Perhaps there is someone out there in the vastness of the Internet community who is reading this posting now who knows of an old family bible that some long ago Tipton recorded the father of Lorenzo Dow Tipton. If so, please contact me so we can put this mystery to rest and tie Caroline’s line into the Major Jonathan Tipton III line of Tipton descendents. We would love to hear from you!

Sunday, November 16, 2008

Ezekiel Tipton 1874-1959

Recently I received an inquiry from a lady in Colorado. She was inquiring about her great-great grandfather, Ezekiel Tipton. Below is her e-mail:

Hi, my name is Pam. My great-grandfather was Ezekiel Tipton, born 1871 in TN or NC (records show different locations.) He lived in Unicoi County, TN on 1900 census then moved to Idaho somewhere between 1906 and 1910, show up on 1910 Idaho census. He married Sarah Catherine Proffitt. Ezekiel's father was James C. Tipton born approx. 1852 and mother Amanda J. Blankenship. Thank you so much for all your research. I just found out about my Tipton ancestors about a year ago. My mother has been so thrilled to find out about her family. Her mother (Anice Tipton, daughter of Ezekiel) died at age 26 from TB when my mom was only 6, and Anice was raised by another family after her mother (Sarah Tipton) died in 1912. My mother wasn't given much info about her mother. My mother knew her mother's name, birth year, birth state and that she was raised by the Bairs and THAT is all she had. We've come a long way and would like to know more.
There are so many Tiptons, was wonder if we are related through this line of mine?
ANY info would be most appreciated, especially by my Mother, and thanks again for all your hard work.
I researched my records and I discovered that she does fit into the Tipton family tree. Most often I can fit Tiptons into the records that I have if supplied with at least three generations back. In this case the lady who sent me the inquiry had the name of her great grandfather which was a unique name (Ezekiel - unique names are always easier to find in a family tree.) Plus she had the name of her great grandfather's parents which is how I was able to identify her great-grandfather. It turns out that Ezekiel is also descended from Major Jonathan Tipton (1750-1833), who is also my ancester. The lady's mother is my 5th cousin. My cousin, and fellow Tipton genealogy family researcher, Tim Tipton (and also my 5th cousin), is checking further into his records to see if he can find any more information on Ezekiel Tipton's wife, Sarah Proffitt (or Prophet.)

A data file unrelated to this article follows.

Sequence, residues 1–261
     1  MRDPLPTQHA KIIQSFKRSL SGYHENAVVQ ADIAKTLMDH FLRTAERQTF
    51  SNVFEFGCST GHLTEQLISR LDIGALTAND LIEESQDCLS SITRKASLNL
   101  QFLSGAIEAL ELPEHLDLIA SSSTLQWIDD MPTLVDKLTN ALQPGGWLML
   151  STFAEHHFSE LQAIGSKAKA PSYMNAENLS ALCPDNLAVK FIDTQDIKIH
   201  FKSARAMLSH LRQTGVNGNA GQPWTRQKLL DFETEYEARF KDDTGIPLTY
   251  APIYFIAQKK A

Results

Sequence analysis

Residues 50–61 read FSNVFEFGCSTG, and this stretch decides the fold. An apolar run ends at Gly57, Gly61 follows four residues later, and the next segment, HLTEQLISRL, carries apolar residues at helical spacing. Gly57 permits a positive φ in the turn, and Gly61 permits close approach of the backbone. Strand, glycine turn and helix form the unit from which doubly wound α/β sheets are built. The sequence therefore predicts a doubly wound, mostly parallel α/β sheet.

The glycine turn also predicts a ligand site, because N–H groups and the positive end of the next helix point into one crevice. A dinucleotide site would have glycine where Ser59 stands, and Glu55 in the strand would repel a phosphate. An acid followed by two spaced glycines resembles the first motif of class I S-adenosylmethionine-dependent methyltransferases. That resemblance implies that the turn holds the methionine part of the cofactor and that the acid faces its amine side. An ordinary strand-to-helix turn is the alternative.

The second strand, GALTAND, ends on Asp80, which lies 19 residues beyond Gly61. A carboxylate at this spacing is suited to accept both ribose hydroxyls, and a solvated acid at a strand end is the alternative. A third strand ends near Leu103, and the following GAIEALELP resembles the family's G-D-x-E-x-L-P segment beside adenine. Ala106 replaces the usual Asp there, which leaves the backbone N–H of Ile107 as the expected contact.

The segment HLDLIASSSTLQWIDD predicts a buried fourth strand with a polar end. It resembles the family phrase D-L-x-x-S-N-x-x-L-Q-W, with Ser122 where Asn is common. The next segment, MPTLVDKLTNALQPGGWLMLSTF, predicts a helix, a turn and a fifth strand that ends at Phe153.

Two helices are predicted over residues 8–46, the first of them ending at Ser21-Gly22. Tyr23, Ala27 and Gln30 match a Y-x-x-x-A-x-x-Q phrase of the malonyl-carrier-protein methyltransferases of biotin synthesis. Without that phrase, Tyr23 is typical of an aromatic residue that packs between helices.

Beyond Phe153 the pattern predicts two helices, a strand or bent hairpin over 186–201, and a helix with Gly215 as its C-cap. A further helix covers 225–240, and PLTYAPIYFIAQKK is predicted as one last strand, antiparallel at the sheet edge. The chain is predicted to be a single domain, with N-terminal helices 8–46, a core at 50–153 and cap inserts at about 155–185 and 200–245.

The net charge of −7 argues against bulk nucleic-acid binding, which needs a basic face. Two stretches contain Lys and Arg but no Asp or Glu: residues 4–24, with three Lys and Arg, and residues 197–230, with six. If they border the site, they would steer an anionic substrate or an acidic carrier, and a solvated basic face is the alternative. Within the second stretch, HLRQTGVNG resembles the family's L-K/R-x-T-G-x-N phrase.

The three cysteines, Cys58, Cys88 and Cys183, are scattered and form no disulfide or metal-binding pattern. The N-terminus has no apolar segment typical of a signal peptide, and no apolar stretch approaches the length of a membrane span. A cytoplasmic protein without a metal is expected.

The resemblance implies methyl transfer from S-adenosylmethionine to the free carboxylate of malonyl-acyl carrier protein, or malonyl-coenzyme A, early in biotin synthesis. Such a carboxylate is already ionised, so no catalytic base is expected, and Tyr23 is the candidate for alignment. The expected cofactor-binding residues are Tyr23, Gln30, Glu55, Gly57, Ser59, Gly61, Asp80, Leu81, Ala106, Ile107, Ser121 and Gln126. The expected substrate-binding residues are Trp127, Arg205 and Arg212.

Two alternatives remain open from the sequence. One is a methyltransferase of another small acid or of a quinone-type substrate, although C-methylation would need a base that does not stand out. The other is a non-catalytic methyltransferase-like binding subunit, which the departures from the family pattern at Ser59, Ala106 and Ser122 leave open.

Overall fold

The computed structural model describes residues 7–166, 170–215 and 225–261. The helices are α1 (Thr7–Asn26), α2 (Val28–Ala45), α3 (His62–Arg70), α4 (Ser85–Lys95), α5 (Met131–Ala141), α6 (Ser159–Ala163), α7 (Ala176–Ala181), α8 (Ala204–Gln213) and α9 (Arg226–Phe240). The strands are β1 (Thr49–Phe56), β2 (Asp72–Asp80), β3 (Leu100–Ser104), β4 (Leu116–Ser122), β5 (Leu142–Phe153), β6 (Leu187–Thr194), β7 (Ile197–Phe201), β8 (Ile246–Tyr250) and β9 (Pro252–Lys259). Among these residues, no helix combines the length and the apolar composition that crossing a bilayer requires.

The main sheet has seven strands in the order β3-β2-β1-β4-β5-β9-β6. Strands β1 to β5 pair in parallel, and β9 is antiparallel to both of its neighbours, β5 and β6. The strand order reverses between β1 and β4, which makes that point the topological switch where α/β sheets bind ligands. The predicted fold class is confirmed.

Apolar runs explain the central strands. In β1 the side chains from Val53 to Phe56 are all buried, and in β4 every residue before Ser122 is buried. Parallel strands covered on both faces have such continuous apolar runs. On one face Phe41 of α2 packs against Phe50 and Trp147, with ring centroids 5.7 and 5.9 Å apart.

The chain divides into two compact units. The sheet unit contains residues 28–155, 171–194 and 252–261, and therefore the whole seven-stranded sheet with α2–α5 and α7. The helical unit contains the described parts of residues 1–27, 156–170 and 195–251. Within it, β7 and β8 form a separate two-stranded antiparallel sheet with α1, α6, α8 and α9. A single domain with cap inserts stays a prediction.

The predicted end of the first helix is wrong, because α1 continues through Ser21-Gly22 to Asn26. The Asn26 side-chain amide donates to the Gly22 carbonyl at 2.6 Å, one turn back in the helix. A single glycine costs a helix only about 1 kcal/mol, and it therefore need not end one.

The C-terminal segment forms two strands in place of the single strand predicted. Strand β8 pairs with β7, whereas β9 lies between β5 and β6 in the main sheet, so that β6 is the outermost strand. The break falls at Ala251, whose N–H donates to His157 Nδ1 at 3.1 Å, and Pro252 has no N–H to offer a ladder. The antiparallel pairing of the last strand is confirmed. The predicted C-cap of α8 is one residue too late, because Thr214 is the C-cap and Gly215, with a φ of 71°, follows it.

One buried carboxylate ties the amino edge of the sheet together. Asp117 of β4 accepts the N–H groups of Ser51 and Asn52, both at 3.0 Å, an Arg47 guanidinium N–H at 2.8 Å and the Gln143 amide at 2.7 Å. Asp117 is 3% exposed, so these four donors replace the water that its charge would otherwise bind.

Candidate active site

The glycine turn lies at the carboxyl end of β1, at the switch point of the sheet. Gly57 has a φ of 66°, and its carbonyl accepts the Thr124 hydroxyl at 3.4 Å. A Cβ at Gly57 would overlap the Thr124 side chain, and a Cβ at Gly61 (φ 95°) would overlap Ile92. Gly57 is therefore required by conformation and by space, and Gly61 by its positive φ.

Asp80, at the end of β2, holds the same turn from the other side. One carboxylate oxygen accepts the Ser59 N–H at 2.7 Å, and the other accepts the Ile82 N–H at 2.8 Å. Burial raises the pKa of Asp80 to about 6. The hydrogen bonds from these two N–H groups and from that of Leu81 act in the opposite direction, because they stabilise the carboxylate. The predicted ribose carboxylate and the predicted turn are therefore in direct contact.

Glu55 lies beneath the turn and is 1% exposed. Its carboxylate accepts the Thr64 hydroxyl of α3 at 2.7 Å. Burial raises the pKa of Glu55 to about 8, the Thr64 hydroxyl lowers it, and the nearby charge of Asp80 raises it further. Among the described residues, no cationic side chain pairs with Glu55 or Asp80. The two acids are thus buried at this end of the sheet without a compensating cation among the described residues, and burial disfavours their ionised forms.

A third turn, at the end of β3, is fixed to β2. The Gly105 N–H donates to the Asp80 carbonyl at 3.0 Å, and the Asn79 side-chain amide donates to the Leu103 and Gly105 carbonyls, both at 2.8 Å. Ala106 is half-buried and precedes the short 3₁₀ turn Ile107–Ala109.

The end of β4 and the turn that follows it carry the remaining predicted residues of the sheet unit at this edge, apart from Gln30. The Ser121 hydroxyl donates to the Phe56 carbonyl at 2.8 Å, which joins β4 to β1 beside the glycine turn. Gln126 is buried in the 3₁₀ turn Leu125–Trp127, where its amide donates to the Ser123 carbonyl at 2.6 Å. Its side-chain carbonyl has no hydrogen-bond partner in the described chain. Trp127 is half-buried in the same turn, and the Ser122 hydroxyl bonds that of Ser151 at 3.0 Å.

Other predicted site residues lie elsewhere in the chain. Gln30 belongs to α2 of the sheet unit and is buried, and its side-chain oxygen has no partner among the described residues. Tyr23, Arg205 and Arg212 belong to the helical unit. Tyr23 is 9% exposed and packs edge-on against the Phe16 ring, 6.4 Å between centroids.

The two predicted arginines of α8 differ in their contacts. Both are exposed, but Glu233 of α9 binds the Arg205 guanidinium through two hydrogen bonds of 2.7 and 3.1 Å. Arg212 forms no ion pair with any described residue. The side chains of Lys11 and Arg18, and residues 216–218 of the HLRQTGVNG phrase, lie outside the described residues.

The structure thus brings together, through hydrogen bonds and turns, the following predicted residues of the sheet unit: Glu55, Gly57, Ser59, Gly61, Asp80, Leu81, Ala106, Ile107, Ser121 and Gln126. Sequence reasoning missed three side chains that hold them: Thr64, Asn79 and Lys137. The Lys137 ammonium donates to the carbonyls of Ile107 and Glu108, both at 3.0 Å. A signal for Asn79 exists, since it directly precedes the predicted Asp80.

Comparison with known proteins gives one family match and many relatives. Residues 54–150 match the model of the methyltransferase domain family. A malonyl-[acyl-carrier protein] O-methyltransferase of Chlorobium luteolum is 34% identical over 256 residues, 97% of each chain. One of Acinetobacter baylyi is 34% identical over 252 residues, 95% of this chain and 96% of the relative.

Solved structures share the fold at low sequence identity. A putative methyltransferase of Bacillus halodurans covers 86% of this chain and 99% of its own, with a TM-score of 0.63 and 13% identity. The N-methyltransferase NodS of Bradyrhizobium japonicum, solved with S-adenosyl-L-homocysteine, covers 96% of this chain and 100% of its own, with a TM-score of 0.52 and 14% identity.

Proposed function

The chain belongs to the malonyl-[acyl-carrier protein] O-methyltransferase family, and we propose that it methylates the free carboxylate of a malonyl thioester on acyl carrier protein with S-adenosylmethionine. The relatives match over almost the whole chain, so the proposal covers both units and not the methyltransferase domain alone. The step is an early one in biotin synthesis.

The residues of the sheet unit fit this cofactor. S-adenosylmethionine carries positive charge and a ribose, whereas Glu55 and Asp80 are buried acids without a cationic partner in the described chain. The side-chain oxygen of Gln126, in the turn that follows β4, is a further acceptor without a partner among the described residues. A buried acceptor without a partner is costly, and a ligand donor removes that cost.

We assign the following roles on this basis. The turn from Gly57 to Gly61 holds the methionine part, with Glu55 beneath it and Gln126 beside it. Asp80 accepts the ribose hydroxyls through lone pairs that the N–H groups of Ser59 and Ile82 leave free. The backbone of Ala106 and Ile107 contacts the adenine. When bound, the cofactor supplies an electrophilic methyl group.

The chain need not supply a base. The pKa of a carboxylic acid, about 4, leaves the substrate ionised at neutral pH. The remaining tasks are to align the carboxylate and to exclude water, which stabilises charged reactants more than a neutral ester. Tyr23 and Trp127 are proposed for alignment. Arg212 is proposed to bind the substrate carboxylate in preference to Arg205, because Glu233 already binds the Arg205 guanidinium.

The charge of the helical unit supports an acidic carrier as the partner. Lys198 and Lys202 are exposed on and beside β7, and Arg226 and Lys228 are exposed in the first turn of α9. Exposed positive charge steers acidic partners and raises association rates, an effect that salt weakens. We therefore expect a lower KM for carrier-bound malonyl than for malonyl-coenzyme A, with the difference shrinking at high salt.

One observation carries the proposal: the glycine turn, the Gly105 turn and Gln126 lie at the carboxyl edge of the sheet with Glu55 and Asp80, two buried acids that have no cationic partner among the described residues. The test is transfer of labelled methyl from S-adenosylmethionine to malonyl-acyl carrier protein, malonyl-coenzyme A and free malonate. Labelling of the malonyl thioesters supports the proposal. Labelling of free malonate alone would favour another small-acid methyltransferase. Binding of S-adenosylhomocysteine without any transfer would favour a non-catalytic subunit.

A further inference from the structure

This is a good example of why I love researching in my family genealogy and why the Tipton family genealogy is so unique. All records indicate that the Tiptons presently residing in the United States today are descended from that first Jonathan Tipton (1659-1757) who arrived on these American shores in 1692 from Jamaica by way of Pontesbury, England. He settled in Baltimore County Maryland and proceeded to make a large number of land purchases. The records of those purchases exist to this day and form the basis of the Tipton family genealogy. However, in researching the maternal side of my family tree, I ran into a different situation. The name is Hadfield and quite a number of Hadfields emigrated into the United States during the middle of the 19th century through the port of Philadelphia, Pennsylvania as well as other points of entry into the United States. However, all records indicate that only ONE TIPTON emigrated and stayed in the United States over 400 years ago. Ezekiel Tipton is just one of them. He is the son of James C. Tipton (1850- 1929), who in turn was the son of Henderson Tipton (1819 - unknown), who in turn was the son of Jacob Tipton (1791-1857) who in turn was the son of Jonathan Tipton III ("Major"), who in turn was the son of Jonathan Tipton II (1699-1799) who in turn was the son of the first Jonathan Tipton (1659-1779.)
The following is Ezekiel Tipton's obituary:
Obituary from Idaho newspaper:Ezekiel Tipton, 87, a resident of Emmett since 1921, died Sunday at a local hospital following a long illness.He was born Oct. 8, 1871, in Tennessee, and was married there in 1892 to Sarah Catherine Prophet. She died in 1911. He moved to Oakley, Idaho, in 1903. He was married to Hettie Hoggatt in 1912 at Oakley.Surviving are nine sons, Ross of Emmett, Clark of Jerome, Tony and Homer of Twin Falls, Elden of Hereford, Ore., Delmar and Leo of Baker, Ore., Raymond of Huntingdon and Ralph of McCall; one daugher Mrs. Mildred Smith of Baker, and one sister, Mrs. Elizabeth Hensley of North Carolina.Services were held Wednesday at the Beatty chapel with Harry Bingham officiating.Interment was in the Emmett Cemetery.

Saturday, November 15, 2008